Being a songwriter is like being a nun. You’re married to a mystery.” – Leonard Cohen

True art grows.  It is organic.  It is surprising, even to the one making it.  It comes from a place that is largely outside the realm of easy, pat explanations.  It is a living thing.

It may seem like a strange comparison, but for me, the activity that is most analogous, is… gardening.

When you garden, there are certain things that you know, things that are within your sphere of control.  You know you have the desire to grow things.  You know you must first have seeds, and that they need to be planted in a good location, with good soil.   You know you need to feed and water them daily.  This knowledge, experience and skill is one half of the equation.

Yet sometimes, even with the most complete knowledge and the best care a plant will refuse to grow.  You cannot rush the process.  If you plant the seed and water it 100 times in one day, it will not grow 100 times faster; in fact it will likely die.  You cannot pull it out of the earth to see if it is done yet.

Furthermore, when you get down to it at the deepest level, you have no real conception of why the plant grows, or what really drives this whole thing.  It is a chaotic mystery that dances a long way out of your understanding.  This mystery is the second half of the equation.

These two components exist in all forms of creative endeavour. They exist in writing, in visual arts, in dance, in conversation and in lovemaking.  They exist in acting, film-making, architecture and cookery.  They exist in life.

There are no answers.  Nor should there be.  A great part of art and life is: learning to simply accept the tides and currents and understanding how to ride these whilst staying open and present.  In learning to accept and acknowledge the chaos, the mystery, the fears and the certainty of your own death, you can begin to truly live.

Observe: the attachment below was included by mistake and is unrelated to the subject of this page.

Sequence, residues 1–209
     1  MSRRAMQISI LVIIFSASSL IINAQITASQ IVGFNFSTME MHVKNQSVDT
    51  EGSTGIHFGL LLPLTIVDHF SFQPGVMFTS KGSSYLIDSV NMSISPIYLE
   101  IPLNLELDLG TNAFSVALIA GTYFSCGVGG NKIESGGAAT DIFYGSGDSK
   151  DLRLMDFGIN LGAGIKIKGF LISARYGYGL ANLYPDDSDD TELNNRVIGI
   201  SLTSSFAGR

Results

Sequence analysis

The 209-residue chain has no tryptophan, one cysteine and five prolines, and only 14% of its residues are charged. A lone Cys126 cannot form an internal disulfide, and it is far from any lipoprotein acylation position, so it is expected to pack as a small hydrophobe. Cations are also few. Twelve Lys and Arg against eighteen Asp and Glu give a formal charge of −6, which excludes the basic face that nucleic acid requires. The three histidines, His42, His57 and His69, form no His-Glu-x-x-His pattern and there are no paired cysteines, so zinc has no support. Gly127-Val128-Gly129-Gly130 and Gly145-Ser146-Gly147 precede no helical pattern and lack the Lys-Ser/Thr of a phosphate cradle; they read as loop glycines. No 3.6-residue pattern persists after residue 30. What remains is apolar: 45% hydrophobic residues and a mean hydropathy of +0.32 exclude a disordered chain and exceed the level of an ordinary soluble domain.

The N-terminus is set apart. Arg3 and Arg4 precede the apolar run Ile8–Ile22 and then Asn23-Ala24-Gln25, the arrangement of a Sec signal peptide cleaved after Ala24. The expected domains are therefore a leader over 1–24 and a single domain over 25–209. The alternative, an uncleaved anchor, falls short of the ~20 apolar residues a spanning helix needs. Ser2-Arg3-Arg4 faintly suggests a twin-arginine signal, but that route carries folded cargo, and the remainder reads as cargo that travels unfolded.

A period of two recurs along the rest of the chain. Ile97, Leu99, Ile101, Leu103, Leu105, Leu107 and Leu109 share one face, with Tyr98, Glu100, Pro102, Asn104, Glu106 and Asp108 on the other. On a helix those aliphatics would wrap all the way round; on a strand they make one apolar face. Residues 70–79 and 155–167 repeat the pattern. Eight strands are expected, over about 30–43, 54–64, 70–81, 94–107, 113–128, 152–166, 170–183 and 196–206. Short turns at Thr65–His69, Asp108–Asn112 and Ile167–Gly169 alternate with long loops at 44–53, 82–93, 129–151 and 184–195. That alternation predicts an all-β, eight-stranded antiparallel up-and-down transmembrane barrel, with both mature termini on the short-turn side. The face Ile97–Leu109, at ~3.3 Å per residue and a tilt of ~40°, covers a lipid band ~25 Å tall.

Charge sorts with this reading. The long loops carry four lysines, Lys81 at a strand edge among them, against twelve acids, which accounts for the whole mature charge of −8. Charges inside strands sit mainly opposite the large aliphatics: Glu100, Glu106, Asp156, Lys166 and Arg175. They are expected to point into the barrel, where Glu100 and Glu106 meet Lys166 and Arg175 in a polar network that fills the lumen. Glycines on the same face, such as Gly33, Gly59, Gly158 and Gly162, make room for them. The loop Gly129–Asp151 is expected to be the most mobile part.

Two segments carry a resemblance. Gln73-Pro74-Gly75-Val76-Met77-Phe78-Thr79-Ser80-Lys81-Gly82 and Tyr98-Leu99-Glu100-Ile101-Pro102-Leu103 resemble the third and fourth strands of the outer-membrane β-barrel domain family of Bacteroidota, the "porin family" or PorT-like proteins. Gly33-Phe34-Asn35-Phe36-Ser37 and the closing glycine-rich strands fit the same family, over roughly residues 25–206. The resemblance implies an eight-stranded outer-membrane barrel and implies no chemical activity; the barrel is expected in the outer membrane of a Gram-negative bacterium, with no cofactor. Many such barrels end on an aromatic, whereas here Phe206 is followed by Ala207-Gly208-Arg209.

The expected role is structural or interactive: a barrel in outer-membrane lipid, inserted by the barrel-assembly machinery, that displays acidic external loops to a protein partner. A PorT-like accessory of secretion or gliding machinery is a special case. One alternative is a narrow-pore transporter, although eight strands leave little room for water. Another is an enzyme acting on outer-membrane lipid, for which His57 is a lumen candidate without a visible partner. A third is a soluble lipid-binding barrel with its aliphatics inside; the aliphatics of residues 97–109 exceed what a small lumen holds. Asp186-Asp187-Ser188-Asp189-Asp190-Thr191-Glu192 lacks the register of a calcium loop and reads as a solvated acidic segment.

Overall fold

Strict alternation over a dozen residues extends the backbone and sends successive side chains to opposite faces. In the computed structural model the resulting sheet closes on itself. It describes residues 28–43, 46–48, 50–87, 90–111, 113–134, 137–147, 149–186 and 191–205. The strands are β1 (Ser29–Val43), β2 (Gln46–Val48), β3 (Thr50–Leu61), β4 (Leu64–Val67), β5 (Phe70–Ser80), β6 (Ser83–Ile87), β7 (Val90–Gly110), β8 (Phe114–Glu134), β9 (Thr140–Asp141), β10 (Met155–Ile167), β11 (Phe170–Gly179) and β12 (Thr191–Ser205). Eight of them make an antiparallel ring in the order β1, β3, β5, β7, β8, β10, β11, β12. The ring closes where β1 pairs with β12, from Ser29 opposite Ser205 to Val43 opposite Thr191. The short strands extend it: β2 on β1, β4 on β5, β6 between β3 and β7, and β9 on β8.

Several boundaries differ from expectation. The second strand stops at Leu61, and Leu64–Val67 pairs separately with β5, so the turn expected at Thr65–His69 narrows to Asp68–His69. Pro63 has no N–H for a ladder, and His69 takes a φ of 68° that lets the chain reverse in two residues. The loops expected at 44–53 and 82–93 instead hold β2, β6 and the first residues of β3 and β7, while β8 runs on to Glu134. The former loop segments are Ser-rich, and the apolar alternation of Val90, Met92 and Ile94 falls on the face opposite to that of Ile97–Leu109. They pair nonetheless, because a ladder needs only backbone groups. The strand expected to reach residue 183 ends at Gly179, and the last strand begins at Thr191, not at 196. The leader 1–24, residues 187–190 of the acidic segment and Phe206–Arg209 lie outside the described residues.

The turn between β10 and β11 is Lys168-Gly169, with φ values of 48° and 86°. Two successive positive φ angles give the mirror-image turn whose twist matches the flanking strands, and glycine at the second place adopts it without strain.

Settle in for the long haul.  Love the process.  Let go of your ideas of perfectly finished things.  Cease trying to impose your will on the world.  Understand what it is in your power to do, and do that as best you can.

I hope you are well and this is helpful.  If it’s not then just disregard it.

Either way, we will celebrate together on Jan 31st.

My name is James Radcliffe and I am a 100% audience supported independent artist.  If you like what I do (and can afford it) then please consider buying some of my music.  Each purchase really makes a big difference to me and 10% of every sale goes to a charity which: houses, feeds, clothes, and educates orphaned children in Nepal.

Also, every month I send out a newsletter packed with Interesting and Exclusive Things.  If you sign up today you’ll also get 3 FREE tracks of my music as a welcome gift.

Get 3 Free Tracks Now.

And lastly, if you’d like to find out what I’m up to on a more day-to-day basis then here is my brain on Twitter:

4 thoughts on “ Why Making Art is like Gardening at Night… ”

  1. This was a most poetically good read.
    Just started exploring your site and so far so awesome. I will get around to your “tuneage” in short order but just wanted to express my enjoyment of your writing talent.
    Peace Man


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